George Whitefield was a rockstar-like preacher who commanded the attention of thousands, sparking the Great Awakening in Philadelphia, while charming a skeptical Benjamin Franklin.
Some historians argue that a unique American identity emerged in Britain’s 13 colonies in the aftermath of a spiritual phenomenon known as the Great Awakening. During the 1730s and 1740s a religious revival of continental scope swept the colonies, cementing them together with a shared religious experience that transcended denominational creeds and worship traditions. Early American culture was forged by powerful preachers urging spiritual conversion and biblical ethics on their hearers.
Many of the early American settlers were religious, and their faith commitment was a defining factor in their migration. Despite this, by the early 18th century personal piety waned, church attendance dropped off significantly, and increasing numbers of people were interested in trendy Enlightenment deism and moral philosophy. Preachers like Theodorus Frelinghuysen, William Tennent, Sr., and Jonathan Edwards spoke into the moment with powerfully suasive gifts urging their hearers to repentance, conversion, and a personal relationship with the God of the Bible.
The most influential preacher of the time was a 25 year-old missionary evangelist from the Church of England named George Whitefield (1714-1770). Arriving in Philadelphia in 1739, his celebrity status in Britain had preceded him. Thousands of Philadelphians showed up to hear him preach at Christ Church. The crowd was beyond the church’s seating capacity, so future meetings were moved to 2nd and High (now Market) Streets. Six thousand people of the city’s 12,000 inhabitants thronged to hear Whitfield urge them to personal faith and conversion. What followed in Whitefield’s wake was chaos and controversy. He challenged the religious establishments as spiritually moribund while uniting believers across denominational lines with new found faith. Bible studies, prayer meetings, and new churches emerged in the city of brotherly love.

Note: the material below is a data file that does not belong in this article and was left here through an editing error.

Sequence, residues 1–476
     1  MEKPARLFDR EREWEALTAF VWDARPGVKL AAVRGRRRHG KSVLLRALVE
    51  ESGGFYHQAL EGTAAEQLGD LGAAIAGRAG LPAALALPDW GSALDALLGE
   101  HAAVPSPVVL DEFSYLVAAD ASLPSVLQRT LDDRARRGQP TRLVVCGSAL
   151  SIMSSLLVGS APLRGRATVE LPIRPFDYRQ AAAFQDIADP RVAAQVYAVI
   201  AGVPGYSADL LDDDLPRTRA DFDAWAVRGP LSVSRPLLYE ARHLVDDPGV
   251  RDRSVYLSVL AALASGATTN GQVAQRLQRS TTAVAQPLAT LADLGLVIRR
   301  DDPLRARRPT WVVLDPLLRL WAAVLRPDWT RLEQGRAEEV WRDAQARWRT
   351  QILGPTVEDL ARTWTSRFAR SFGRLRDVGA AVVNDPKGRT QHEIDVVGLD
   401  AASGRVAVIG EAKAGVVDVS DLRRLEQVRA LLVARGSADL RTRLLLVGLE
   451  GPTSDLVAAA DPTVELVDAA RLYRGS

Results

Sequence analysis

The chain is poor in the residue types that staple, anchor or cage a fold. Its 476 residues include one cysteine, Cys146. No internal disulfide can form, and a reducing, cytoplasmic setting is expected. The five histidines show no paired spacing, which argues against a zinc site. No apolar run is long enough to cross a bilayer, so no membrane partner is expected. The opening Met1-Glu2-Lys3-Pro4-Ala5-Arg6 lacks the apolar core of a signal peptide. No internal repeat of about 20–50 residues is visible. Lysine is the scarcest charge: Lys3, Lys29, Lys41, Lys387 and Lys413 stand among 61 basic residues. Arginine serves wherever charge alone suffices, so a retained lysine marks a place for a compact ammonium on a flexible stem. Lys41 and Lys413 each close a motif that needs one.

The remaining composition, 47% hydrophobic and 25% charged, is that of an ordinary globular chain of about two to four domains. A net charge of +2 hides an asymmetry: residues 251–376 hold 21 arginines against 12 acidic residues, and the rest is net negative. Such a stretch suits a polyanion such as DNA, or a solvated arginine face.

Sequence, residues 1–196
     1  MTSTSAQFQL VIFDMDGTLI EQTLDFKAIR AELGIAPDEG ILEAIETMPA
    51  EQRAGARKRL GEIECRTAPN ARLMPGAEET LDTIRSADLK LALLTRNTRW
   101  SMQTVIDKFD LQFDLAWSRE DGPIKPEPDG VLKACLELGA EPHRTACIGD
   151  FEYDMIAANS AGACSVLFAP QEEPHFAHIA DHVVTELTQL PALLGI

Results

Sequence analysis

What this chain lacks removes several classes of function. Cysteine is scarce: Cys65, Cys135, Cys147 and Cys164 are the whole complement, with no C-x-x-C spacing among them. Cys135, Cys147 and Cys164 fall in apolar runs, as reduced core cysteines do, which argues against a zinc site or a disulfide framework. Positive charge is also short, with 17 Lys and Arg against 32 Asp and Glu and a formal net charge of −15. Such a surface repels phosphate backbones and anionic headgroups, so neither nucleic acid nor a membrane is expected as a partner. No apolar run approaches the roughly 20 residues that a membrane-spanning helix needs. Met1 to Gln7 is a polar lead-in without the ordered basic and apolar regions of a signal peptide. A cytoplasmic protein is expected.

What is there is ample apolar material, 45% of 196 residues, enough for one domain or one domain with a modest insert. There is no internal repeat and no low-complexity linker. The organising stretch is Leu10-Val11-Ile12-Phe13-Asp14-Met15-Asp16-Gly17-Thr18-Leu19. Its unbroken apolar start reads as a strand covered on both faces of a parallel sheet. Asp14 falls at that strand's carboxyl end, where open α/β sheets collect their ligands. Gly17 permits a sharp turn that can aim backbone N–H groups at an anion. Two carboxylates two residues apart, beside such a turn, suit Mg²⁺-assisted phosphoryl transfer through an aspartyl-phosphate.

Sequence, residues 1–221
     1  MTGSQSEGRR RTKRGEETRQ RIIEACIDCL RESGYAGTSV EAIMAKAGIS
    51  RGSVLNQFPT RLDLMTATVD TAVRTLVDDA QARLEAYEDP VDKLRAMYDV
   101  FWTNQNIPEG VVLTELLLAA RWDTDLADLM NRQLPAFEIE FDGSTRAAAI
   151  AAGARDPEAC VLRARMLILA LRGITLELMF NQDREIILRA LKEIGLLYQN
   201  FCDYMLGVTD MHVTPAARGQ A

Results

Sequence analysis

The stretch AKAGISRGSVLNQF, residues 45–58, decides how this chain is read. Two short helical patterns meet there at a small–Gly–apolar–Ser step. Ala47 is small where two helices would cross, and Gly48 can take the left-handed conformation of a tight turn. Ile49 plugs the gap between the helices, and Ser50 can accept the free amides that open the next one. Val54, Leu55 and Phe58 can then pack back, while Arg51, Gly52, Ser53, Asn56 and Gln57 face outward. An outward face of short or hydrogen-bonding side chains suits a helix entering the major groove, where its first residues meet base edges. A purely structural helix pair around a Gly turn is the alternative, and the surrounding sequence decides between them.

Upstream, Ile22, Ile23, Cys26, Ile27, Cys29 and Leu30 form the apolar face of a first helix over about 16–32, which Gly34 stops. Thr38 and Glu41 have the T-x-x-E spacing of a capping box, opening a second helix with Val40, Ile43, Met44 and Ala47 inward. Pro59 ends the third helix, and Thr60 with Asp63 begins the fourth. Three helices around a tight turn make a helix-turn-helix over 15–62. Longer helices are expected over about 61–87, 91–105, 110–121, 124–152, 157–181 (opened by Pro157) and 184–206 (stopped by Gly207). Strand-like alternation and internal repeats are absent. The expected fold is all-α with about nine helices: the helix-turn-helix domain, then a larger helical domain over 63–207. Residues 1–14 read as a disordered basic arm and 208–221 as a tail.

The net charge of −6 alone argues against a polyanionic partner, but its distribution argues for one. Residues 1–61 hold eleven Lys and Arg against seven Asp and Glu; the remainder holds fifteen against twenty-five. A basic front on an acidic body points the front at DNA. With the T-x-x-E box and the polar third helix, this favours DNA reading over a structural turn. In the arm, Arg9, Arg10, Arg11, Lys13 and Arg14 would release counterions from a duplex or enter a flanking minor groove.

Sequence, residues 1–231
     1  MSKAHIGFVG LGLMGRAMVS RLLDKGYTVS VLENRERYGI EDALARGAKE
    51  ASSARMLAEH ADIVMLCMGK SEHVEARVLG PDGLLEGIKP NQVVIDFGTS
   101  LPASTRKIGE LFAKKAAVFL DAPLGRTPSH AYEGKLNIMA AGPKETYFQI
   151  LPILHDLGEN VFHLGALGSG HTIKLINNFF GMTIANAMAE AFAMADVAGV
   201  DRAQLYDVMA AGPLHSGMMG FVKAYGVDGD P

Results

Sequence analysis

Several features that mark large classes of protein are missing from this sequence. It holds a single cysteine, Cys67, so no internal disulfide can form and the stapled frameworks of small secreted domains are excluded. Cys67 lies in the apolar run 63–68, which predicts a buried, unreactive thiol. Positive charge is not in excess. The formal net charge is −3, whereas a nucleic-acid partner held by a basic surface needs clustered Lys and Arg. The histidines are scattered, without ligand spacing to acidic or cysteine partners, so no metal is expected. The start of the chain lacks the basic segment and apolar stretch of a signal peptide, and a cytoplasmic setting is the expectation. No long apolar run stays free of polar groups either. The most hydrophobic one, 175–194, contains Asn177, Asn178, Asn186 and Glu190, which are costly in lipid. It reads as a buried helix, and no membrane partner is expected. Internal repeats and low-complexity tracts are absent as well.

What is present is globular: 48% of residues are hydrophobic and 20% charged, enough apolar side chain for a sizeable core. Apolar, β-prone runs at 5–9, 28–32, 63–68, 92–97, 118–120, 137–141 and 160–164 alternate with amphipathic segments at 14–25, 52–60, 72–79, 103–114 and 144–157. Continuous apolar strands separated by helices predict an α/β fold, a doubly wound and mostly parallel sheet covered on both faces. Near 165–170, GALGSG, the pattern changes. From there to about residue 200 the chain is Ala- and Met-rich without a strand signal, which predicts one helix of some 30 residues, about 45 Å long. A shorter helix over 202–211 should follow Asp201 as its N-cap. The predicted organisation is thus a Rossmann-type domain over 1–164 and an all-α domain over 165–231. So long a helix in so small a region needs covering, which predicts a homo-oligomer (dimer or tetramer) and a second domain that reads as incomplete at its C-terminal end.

Whitefield traversed the colonies preaching to tens of thousands at a time, yet it was Philadelphia that built a preaching house for him, the largest building in the city. Philadelphia was also home to his publisher, Benjamin Franklin. The revivalist’s sermons, biography, and personal journals, as well as Issac Watts’ hymnal became hot sellers to a market of the revived. In doing good, Franklin did very well, making a fortune.
Franklin’s relationship with Whitefield was, however, more than economic. They were fast friends until Whitefield’s untimely death in 1770, and spoke candidly with each other on matters great and small, including Franklin’s skepticism about faith.
The Great Awakening helped to create an American culture, by unifying otherwise separate individual colonies and societies with an evangelical spiritual unity that transcended geographic, political, and religious denominational boundaries. Philadelphia’s religious and civic life was greatly transformed by a religious movement that inspired common values, high ideals, and new institutions.
From being thoughtless or indifferent about religion, it seem'd as if all the world were growing religious, so that one could not walk thro' the town in an evening without hearing psalms sung…
Benjamin Franklin, after hearing Whitefield preach
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